Healthy Business Blog

Nov
27

Minimising the stress of organisational change

Wednesday, 27 November 2019 by the Southern Cross team

employees practicing yoga in their office

If you’re reading this at work, you may well be sitting at your desk - the same one you sit at routinely every day, unless, of course, you work in an organisation that has adopted a new way of working, such as Agile or Activity Based Working (ABW). In which case, you could be working remotely from home or your preferred café or working as part of a small cross functional agile team. 

These new ways of working are being adopted by many businesses and have many advantages, except for one significant hurdle. People instinctively don’t like change; in fact it’s a major cause of workplace stress1. So how can you introduce flexibility and agility  into the workplace in ways that enhance rather than hinder employee wellbeing?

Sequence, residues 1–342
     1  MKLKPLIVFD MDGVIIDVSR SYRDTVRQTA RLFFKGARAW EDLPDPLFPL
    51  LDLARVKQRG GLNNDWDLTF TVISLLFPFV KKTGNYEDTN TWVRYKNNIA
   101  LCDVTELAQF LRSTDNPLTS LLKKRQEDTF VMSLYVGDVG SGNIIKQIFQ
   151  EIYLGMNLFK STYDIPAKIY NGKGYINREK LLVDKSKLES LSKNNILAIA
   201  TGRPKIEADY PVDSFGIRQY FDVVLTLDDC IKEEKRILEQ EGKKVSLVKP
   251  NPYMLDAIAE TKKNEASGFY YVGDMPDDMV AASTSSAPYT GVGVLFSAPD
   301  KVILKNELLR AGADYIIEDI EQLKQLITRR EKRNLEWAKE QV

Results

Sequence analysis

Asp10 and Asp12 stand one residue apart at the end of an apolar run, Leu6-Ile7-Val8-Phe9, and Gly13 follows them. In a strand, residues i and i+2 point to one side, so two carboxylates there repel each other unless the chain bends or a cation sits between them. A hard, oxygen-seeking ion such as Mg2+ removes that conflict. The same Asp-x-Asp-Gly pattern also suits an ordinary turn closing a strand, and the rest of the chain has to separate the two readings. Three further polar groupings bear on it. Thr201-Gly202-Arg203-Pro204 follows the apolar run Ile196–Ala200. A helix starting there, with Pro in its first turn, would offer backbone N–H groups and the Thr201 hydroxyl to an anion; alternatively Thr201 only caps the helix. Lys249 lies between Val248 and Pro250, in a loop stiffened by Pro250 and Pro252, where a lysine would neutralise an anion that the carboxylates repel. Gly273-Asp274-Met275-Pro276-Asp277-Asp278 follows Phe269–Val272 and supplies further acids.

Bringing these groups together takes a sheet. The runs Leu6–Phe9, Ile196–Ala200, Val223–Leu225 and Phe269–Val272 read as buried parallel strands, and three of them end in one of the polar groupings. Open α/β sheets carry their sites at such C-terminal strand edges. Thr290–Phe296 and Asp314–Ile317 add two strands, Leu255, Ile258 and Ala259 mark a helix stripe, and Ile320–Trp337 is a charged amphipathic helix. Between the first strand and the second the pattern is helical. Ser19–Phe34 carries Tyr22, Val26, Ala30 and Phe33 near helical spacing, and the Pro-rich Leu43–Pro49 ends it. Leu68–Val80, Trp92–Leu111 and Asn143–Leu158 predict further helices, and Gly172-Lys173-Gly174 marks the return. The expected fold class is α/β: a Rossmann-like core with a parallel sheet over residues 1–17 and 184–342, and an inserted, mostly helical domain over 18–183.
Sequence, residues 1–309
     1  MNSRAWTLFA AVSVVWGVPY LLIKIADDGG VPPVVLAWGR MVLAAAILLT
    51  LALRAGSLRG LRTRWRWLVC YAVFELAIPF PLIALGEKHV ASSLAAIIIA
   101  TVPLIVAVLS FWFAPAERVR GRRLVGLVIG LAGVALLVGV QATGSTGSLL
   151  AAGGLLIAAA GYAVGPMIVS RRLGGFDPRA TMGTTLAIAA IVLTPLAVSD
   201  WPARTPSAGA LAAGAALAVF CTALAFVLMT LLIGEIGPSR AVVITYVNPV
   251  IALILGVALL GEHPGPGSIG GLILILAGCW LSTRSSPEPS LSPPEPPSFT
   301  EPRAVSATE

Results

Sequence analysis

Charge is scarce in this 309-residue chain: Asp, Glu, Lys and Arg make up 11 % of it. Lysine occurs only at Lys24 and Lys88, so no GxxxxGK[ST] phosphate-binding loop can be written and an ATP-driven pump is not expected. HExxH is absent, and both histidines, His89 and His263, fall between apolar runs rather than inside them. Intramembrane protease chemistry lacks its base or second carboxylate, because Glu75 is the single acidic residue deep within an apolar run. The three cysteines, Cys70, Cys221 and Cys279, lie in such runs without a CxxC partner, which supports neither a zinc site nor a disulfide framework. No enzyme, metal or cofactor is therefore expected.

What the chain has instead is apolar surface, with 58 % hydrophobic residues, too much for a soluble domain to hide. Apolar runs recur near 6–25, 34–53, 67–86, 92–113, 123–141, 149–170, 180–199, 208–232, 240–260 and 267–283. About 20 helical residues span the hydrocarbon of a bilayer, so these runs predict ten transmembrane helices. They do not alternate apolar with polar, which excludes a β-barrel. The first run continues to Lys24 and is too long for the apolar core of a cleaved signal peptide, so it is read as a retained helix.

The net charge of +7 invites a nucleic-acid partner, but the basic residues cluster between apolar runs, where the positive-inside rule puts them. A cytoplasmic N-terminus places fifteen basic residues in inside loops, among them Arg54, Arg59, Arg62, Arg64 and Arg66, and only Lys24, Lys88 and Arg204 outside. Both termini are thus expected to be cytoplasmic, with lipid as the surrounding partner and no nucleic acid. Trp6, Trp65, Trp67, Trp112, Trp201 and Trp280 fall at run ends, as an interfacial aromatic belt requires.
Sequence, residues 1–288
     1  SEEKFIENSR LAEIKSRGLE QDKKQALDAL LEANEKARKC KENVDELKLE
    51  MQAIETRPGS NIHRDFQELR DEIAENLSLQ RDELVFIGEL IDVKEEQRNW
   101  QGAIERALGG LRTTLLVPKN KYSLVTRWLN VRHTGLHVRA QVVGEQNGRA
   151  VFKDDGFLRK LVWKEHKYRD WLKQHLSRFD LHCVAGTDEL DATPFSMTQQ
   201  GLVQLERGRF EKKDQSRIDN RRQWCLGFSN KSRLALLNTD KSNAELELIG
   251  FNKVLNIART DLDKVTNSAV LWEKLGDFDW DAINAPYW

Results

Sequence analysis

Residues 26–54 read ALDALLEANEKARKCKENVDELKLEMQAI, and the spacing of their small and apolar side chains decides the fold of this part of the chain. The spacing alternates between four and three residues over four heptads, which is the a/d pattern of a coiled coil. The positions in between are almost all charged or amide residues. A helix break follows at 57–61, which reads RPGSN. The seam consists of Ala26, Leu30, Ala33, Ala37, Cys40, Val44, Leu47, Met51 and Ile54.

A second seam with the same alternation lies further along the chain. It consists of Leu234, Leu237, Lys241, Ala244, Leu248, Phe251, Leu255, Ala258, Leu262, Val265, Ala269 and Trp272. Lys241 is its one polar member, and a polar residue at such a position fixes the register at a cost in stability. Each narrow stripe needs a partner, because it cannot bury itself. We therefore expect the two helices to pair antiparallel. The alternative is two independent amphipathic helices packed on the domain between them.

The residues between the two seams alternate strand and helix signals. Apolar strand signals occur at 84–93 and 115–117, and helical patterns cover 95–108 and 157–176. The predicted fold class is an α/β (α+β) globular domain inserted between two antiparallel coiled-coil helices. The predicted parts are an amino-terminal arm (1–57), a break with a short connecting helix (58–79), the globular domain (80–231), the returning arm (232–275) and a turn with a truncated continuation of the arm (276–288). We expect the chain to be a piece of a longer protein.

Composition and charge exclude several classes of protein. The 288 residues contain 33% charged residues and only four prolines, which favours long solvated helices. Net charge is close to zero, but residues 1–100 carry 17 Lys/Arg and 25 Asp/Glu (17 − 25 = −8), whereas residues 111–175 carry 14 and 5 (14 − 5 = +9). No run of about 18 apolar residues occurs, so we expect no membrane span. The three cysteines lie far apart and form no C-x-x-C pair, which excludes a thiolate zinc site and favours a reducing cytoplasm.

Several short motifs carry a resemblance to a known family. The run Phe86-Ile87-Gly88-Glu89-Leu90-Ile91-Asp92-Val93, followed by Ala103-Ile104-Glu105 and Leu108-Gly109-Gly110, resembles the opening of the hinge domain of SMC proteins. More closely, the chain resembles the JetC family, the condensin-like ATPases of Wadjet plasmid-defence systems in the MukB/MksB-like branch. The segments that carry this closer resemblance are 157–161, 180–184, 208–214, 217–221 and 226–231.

Reasons for workplace stress are well documented in the latest Workplace Wellness Report from Southern Cross and Business New Zealand - and it’s clear that businesses need to do something to address them. The greatest cause of work-related stress for businesses large and small was reported as workload, while for businesses with under 50 people, ‘relationships at work’ was the second greatest stressor. Given those findings, it’s not hard to see the attraction to businesses of trying a whole new organisational approach, such as Agile and ABW, where flexibility and outputs are valued over routine ways of working. 

Which brings us back to the Workplace Wellness Report, where ‘flexible working arrangements’ was rated second only to Employee Assistance Programmes as the most common way to support the mental wellbeing of employees.

However, the Workplace Wellness Report also found that for businesses of 50 people and more, the second greatest cause of workplace stress is ‘change at work’. And therein lies the tension. On one hand, flexible work practices can reduce workplace stress by giving employees more control over where and how they work. But on the other hand, it can mean changing their work style, patterns and often desk partners.